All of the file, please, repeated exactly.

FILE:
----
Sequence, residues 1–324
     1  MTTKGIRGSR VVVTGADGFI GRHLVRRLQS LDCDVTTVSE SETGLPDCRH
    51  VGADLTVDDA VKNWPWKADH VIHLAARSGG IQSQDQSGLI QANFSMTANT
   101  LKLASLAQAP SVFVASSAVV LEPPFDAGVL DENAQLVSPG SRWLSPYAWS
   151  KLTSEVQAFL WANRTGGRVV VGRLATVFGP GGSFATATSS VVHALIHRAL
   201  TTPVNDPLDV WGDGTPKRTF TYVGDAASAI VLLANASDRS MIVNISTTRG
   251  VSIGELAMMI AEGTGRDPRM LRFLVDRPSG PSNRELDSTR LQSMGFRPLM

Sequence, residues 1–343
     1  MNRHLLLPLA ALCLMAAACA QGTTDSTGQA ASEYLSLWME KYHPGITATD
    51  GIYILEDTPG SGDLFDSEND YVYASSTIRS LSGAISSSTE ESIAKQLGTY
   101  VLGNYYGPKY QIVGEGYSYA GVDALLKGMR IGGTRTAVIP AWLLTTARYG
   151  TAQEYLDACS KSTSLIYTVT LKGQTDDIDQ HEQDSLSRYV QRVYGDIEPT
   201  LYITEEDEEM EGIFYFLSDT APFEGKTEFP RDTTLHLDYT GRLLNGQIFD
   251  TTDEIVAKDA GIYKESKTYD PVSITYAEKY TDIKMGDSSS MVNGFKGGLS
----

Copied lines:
Sequence, residues 1–324
     1  MTTKGIRGSR VVVTGADGFI GRHLVRRLQS LDCDVTTVSE SETGLPDCRH
    51  VGADLTVDDA VKNWPWKADH VIHLAARSGG IQSQDQSGLI QANFSMTANT
   101  LKLASLAQAP SVFVASSAVV LEPPFDAGVL DENAQLVSPG SRWLSPYAWS
   151  KLTSEVQAFL WANRTGGRVV VGRLATVFGP GGSFATATSS VVHALIHRAL
   201  TTPVNDPLDV WGDGTPKRTF TYVGDAASAI VLLANASDRS MIVNISTTRG
   251  VSIGELAMMI AEGTGRDPRM LRFLVDRPSG PSNRELDSTR LQSMGFRPLM

Sequence, residues 1–343
     1  MNRHLLLPLA ALCLMAAACA QGTTDSTGQA ASEYLSLWME KYHPGITATD
    51  GIYILEDTPG SGDLFDSEND YVYASSTIRS LSGAISSSTE ESIAKQLGTY
   101  VLGNYYGPKY QIVGEGYSYA GVDALLKGMR IGGTRTAVIP AWLLTTARYG
   151  TAQEYLDACS KSTSLIYTVT LKGQTDDIDQ HEQDSLSRYV QRVYGDIEPT
   201  LYITEEDEEM EGIFYFLSDT APFEGKTEFP RDTTLHLDYT GRLLNGQIFD
   251  TTDEIVAKDA GIYKESKTYD PVSITYAEKY TDIKMGDSSS MVNGFKGGLS